THERAVADA and MAHAYANA BUDDHISM

We can review anything that has you puzzled or confused from the time you spent last class period on the two major forms of Buddhism.

Defining terms: Asoka, Mahayana, Theravada (Hinayana), arhat, boddhisattva, Sangha


ZEN BUDDHISM

Ideally, you should making good progress in the Buddhism chapter in Huston Smith's The World's Religions by next Monday. The pages that contain today's information on Zen Buddhism are 128 through 139. The reading schedule actually has you finishing the chapter early next week. If you're not there yet, please keep going.

We'll start with showing you the Buddhism excerpt from Huston Smith's Wisdom of Faith series... It shares his personal experience with Zen Buddhism. I think it is a good starting point.


Basics of Zen Buddhism:

Defining terms: Zen, ch'an, "Flower Sermon", Bodhidharma, zazen, koan, kensho, sanzen, satori

* zazen- "seated meditation"
* koan- problems or questions designed to agitate the mind
* sanzen- interplay between master and student
* kensho- "True Thusness"- bursts of enlightenment
* satori- enlightenment, unity of all existence


Frequently Asked Questions from alt.zen is a nice, basic introduction to Zen. Several basic questions are asked and answered.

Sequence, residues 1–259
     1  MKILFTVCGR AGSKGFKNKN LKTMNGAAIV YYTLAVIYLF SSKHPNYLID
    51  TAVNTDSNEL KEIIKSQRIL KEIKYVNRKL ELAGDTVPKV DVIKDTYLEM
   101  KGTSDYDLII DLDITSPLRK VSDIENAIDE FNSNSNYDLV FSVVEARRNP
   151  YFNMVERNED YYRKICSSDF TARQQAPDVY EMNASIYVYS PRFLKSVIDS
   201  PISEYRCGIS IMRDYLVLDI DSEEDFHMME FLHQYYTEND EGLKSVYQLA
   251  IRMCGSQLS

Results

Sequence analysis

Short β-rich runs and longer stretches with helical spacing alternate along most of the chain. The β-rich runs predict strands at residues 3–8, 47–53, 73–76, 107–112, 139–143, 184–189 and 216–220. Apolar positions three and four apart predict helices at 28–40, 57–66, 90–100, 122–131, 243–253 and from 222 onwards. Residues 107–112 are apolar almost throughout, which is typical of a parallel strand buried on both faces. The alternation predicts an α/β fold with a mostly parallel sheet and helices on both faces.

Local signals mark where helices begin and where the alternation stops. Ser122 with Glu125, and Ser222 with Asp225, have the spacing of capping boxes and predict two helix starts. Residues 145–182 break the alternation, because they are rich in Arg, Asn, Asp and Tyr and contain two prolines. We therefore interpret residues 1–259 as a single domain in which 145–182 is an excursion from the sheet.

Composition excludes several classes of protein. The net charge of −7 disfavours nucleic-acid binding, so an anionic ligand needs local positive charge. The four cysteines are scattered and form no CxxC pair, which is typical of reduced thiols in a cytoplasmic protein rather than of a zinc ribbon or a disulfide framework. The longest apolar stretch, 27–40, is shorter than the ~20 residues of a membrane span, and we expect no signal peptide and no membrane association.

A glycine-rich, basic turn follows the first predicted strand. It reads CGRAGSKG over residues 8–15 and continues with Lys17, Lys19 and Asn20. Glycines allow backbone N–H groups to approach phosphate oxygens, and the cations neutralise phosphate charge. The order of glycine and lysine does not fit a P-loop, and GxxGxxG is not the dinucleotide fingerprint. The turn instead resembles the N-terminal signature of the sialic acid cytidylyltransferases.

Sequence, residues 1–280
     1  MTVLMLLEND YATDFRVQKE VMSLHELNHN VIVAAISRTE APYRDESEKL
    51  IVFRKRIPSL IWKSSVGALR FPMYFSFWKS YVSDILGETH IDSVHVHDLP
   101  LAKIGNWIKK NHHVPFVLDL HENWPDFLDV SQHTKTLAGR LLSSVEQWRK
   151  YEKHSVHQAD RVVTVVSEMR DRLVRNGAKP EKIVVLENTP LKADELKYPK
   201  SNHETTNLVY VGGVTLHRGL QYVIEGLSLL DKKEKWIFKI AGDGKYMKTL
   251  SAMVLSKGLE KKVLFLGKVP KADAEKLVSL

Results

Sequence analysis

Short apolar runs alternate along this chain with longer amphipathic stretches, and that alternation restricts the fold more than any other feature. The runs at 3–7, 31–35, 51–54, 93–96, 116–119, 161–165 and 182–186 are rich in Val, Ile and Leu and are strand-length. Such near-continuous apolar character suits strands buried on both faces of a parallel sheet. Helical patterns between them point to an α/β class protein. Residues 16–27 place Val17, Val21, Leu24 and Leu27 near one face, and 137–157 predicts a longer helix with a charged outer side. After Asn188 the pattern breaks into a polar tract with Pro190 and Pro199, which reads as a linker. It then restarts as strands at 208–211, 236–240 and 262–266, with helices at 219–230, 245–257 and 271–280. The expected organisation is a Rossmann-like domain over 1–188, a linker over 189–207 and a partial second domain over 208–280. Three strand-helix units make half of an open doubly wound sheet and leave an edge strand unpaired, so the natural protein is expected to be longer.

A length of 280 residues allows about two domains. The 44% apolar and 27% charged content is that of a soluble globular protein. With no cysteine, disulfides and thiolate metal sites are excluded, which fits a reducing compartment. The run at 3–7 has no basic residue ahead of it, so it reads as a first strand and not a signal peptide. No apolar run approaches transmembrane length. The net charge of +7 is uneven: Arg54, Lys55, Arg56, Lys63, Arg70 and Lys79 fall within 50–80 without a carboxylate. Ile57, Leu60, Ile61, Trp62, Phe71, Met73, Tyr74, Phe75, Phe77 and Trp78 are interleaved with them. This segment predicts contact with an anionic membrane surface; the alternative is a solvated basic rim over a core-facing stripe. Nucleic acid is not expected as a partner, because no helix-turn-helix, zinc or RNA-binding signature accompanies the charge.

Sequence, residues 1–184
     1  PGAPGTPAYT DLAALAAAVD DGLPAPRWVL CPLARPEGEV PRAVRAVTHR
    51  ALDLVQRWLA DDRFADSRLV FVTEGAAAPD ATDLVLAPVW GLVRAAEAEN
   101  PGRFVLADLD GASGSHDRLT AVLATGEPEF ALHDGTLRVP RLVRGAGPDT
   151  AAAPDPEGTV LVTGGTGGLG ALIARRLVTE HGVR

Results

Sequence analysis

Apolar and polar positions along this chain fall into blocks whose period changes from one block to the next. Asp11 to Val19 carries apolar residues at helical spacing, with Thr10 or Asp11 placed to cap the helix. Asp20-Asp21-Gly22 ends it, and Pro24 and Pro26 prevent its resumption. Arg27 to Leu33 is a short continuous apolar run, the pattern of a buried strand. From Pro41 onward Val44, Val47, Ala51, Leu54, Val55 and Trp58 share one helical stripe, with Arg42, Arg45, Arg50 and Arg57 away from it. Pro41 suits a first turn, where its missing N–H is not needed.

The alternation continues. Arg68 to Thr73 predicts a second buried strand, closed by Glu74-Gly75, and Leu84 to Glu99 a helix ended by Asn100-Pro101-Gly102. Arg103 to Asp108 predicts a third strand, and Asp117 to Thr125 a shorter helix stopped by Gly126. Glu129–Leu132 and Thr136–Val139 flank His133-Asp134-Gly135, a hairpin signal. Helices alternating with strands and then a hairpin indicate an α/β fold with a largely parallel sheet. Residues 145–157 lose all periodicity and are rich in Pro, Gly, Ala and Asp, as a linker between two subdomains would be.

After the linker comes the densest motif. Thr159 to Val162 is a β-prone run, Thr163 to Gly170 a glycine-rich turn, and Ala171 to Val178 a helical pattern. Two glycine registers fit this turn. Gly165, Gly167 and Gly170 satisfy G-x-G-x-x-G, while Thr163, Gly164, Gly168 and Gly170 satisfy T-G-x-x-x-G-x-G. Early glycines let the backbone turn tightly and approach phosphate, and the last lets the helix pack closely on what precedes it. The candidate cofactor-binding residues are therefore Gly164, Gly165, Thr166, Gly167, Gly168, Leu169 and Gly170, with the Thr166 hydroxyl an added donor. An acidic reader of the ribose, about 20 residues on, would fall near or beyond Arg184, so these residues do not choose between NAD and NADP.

ZenGuide claims to be the "Ultimate On-Line Resource" on Zen Buddhism. You can browse their resources and judge for yourself...


Since Zen stresses EXPERIENCE as the only path to knowledge, today's lesson will minimize lecture and maximize experience. It is your job to give things a try and participate.

Daily Zen: You can get a daily Zen quote here. You can also access previous examples and even send someone a Zen greeting card... DO THIS: Send someone not in this class a "Zencard."

The Ten Oxherding Pictures is a classic collection of Zen art. DO THIS: View the collection of the ten pictures. See if you can figure out what the artist is trying to convey by reading the verses and studying the pictures. Who is the boy representing? What is the ox symbolizing?

Primary Zen Texts is pretty self-explanatory. You will find a number of usefulresources. DO THIS: Attempt to replicate the basics of Zen mediation by trying "How to Sit (Zazen)." It might help to try this with a partner or two who can take turns reading the instructions. DO THIS: An early Zen exercise it to simply count ten breath cycles. The trick is that you must return to 1 if any other thought enters your mind during that time. (Don't cheat. It takes most monks months to perfect this.) Try it a couple times.